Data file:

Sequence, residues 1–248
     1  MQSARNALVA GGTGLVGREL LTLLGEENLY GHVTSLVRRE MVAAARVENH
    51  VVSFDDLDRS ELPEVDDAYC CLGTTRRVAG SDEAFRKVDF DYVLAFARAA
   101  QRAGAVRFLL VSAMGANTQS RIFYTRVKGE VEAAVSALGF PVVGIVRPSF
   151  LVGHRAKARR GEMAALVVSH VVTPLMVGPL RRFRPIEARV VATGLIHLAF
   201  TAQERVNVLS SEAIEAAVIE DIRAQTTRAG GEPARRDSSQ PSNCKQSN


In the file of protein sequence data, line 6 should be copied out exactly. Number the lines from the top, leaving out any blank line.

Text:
   201  TAQERVNVLS SEAIEAAVIE DIRAQTTRAG GEPARRDSSQ PSNCKQSN